Sweden’s inflation rate at a 29 year high, “transitory”


Inflation is on the rise in many parts of the world. On Wednesday, The U.S. Federal Reserve reported a CPI inflation of 7.0% for December. Following this trend, the inflation rate of the Swedish krona SEK rose to 4.1% in December, a strong increase from November’s inflation rate of 3.6%.

These levels of inflation have not been seen since December 1993, almost 29 years ago. The inflation, as reported by the Swedish Bureau of Statistics SCB, was higher than market expectations and far above the two percent target set by the Swedish central bank Riksbanken. The most important contribution to the higher inflation came from rising energy prices, but important contributions also came from raising prices on food, clothing and transportation.

Inflation was down to zero in 2020

The inflation pressure on the Swedish economy has been relatively low the past few years, which has led the Riksbank to drive an expansive monetary policy to keep the inflation rate around the two percent target. This has put a lot of pressure on the krona leading up to the Corona crisis. Consequently, the inflation rate fell down close to zero during the crisis in 2020, actually hitting zero percent in May 2020.

In 2021 inflation started to increase, it stayed above 1.5 percent throughout the year and was up 1.3% from November to December.

“Energy prices rose in December. It was the highest monthly change of energy prices during the 2000s, says Caroline Neander, pricing statistician at SCB.

The second contributor to December’s inflation was transportation, followed by clothing. The price of fuel, however, went down in December. Not counting energy prices, the inflation rate fell from November’s 1.9% to 1.7% in December.

Central banks still pushing the transitory narrative

“The Swedish Riksbank, in tandem with the European Central Bank ECB, is still pushing the argument that these levels of inflation are of transitory character, despite figures being higher than expected, ” says Mattias Isakson, Chief Strategist at the Swedish commercial bank Swedbank.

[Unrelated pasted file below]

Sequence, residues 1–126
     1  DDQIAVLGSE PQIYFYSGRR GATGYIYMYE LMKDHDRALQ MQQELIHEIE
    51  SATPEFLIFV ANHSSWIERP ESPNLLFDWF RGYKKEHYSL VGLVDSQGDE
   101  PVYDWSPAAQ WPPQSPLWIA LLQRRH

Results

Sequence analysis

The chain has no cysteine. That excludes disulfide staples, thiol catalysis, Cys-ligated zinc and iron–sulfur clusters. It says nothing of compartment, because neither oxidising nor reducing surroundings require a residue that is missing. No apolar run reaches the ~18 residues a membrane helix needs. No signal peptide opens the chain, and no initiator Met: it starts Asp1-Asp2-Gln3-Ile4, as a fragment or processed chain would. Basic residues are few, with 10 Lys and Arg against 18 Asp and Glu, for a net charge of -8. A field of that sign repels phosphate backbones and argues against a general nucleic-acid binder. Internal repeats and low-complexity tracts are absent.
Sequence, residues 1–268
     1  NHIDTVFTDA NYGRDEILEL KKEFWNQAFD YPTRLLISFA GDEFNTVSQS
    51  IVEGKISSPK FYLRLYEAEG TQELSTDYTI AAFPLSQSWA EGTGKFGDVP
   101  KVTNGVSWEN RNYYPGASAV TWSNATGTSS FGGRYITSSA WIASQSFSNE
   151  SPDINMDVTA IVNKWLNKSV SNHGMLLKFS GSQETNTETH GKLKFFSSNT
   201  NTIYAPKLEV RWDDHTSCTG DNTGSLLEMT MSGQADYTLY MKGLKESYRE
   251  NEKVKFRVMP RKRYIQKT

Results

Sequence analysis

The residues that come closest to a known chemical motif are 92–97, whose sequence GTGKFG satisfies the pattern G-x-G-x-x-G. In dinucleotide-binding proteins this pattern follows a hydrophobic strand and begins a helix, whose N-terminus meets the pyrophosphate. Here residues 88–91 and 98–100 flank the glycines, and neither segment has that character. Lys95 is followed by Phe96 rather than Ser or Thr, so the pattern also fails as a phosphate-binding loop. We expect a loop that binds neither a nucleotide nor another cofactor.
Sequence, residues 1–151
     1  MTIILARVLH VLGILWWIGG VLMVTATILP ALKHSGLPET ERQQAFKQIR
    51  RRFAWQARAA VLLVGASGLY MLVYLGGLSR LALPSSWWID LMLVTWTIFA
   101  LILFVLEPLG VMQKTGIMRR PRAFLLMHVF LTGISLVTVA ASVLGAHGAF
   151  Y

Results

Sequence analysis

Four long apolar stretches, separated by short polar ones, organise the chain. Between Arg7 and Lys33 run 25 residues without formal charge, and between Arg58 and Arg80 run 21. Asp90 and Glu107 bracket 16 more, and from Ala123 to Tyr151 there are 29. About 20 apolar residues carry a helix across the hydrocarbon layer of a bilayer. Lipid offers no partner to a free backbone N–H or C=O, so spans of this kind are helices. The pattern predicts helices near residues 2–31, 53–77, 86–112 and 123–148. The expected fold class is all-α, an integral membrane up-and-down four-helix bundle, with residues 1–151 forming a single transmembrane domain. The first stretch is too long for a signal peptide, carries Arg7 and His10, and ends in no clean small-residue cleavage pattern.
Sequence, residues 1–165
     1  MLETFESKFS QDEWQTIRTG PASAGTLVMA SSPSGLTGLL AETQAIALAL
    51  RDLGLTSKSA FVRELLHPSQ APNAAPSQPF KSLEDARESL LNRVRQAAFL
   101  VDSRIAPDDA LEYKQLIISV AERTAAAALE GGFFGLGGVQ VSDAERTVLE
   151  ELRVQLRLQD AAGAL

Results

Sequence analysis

Parallel to the focus on inflation, the infection rate of Covid is at record levels in many countries, at the same time as supply chains are clearly strained, and any light at the end of the tunnel is hard to see in the short term.

Meanwhile, the average annual inflation rate in the Eurozone rose to 5.0 percent in December, slightly up from November’s 4.9 percent. Also for the EU, energy prices contributed most to the higher inflation, rising 26 percent year-on-year.

Dangerously high inflation in the Baltics

Rising inflation is especially hitting the Baltic region with 12 percent in Estonia and 10.7 percent in Lithuania. Also, Belgium and The Netherlands are seeing high inflation with rates at 6.5% and 6.4% respectively. Germany, the EU’s largest economy, saw an inflation rate of 5.7%, clearly above the European average.

Neighboring the EU, the inflation challenges in Turkey are severe as the country’s inflation of the lira is hitting 36%, and the Turkish lira lost 44% to the U.S. dollar last year.

Many, at least in the crypto industry, see Bitcoin as an inflation hedge, first and foremost due to Bitcoins fixed issuance rate, controlled by nothing else than the protocol itself, and extremely hard, if not impossible, to change. While not zero, during this halving cycle, Bitcoin’s inflation rate is at 1.76% year-on-year.

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